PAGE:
>> what political lessons do you think senators like rand paul and dean heller who were so quick to jump on the band wagon . what can they learn from this swift backlash.
>> maybe look before you leap . don't jump on the bandwagon. tell the the truth about what cliven bundy was all about from the beginning rather than trying to latch on to a popular, populist, fake populist trend. the reality is that clive bundy, as free as he was to share his views on the virtues of picking cotton, it's hard to believe that he was keeping these views hidden all along. they're just absolutely shocked that now he is saying these things. i'm not imputing my colleagues knew he was quite as extreme as he revealed. but he all kind of know the dog whistle before we hear the real one. and we should call it out.
>> should they have done more background checking on this individual?
>> well, they just need to understand that the core of these resistors is a racist, basic there a racist idea. that somehow other people are sitting on their porches and not working.
>> that's right.
>> so the dog whistle , sometimes called code words . if you say as paul ryan has, for instance, the problem is the safety net has turned into a hammock. quote, unquote, paul ryan . what is he saying? what is he saying? what he is saying is that lazy, presumably minorities, are taking -- are takers from the federal government . just like the 47% comments you heard from mitt romney . # are romney and ryan racist? no. but there was a subtext there that can be interpreted as making a racial appeal. what somebody as crudely racist as bundy does is strips the veneer and they are using code words to say the same thing, to make the same points.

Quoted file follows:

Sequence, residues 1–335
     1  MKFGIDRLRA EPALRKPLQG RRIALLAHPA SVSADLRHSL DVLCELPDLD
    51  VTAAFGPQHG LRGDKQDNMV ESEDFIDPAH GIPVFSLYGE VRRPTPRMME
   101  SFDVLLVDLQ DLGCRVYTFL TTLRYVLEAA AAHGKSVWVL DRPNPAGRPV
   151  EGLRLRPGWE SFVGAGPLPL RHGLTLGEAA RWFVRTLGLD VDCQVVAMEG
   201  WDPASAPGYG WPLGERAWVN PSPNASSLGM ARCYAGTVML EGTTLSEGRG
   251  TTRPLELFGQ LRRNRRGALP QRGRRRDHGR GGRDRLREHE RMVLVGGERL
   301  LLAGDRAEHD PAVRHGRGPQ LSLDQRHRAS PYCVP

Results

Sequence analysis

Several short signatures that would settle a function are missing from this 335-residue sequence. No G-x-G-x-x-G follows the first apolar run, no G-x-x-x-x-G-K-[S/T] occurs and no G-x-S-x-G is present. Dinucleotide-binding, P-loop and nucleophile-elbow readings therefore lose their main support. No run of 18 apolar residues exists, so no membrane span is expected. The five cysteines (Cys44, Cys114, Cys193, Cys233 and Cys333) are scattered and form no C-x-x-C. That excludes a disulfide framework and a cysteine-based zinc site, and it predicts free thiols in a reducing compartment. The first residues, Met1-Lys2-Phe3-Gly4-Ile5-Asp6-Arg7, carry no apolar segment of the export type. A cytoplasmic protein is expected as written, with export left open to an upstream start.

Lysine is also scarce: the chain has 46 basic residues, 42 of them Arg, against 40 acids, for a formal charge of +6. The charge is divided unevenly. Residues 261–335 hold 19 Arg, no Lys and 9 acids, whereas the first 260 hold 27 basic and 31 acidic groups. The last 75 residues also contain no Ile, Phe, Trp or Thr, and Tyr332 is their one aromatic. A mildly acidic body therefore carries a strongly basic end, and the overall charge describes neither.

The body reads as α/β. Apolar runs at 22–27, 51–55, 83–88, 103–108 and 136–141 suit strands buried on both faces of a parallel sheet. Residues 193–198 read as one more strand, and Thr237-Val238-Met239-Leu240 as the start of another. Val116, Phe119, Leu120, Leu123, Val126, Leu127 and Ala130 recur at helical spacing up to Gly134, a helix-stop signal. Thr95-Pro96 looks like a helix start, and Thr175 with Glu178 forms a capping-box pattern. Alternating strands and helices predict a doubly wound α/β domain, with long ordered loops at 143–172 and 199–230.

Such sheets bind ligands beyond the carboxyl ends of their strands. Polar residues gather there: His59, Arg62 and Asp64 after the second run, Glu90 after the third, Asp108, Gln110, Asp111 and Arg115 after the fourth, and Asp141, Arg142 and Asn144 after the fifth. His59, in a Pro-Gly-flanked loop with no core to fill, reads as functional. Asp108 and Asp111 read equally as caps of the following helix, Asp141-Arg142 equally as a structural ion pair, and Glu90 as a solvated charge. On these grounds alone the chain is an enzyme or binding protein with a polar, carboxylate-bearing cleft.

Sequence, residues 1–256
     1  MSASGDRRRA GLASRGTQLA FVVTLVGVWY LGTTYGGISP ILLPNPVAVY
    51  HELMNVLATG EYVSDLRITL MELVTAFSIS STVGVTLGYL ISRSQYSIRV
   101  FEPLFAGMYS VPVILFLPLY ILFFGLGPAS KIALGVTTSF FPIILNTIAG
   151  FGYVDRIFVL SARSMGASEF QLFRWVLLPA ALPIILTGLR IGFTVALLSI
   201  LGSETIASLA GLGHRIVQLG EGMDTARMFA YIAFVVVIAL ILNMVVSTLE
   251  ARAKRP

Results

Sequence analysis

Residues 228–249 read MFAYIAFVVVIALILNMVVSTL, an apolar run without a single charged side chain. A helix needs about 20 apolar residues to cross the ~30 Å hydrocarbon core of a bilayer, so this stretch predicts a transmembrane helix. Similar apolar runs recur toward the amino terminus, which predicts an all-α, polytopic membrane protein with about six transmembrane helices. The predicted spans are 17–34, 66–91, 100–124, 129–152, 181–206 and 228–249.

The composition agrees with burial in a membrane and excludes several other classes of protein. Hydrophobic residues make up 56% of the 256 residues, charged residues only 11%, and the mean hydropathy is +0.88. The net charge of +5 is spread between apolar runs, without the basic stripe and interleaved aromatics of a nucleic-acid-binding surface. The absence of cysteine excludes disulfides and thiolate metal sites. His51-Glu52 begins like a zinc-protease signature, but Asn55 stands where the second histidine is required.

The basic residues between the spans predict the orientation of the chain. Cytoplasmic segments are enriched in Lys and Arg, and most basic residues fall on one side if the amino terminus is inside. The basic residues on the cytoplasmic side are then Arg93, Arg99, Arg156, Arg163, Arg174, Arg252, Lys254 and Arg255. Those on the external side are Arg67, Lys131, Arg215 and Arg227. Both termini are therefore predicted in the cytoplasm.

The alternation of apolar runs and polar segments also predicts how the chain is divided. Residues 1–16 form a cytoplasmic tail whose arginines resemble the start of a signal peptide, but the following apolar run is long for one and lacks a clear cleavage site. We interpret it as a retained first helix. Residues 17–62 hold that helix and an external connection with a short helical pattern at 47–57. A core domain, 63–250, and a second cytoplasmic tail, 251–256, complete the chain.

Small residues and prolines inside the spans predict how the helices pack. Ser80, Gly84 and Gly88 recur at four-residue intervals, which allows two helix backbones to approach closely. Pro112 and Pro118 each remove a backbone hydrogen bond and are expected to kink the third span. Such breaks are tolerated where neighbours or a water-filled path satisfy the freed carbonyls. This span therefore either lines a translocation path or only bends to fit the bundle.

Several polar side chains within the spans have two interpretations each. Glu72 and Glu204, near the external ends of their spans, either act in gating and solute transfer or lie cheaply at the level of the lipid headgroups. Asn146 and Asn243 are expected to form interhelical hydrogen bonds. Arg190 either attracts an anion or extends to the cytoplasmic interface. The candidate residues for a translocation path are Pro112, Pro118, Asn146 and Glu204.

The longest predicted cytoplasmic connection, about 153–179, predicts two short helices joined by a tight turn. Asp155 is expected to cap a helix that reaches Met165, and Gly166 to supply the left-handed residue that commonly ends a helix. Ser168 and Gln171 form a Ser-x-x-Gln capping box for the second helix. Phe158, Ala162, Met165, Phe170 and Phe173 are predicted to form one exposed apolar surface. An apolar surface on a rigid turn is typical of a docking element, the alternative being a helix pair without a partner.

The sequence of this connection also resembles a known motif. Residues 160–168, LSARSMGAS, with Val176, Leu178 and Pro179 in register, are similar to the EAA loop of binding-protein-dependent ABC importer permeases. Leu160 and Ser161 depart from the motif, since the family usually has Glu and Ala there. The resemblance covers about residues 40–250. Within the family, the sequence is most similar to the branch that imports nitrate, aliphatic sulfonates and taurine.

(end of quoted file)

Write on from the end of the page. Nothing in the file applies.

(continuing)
>> there's irony imbedded in all the comments. bundy is making them in front of a federally funded overpass that i'm sure he uses to transport things. as you pointed out, congressman, he is making them under the protections of the first amendment. let's get to the underlying debate he triggered and the individuals on the hill launched on to. the underlying fight is whether there should be state control. he isn't wrong in pointing out there is a lot of government interference. take a look at this map, which shows the amount of land the federal government owns in the west. is there any substance to the argument bundy and all the politicians behind him were making?
>> no. i think if they want to introduce a piece of legislation that would make up a new composition as to the apportionment between federal, state, and privately held land, let them introduce a bill and let us debate it. but to say he's just not going to pay is something we simply cannot abide if we have a civilized society. the fact is these people question the government's role to pursue the interests of the american people . just like the whiskey rebel yon. we have been enforcing federal law for quite a long time. and i think we can't tolerate doing otherwise.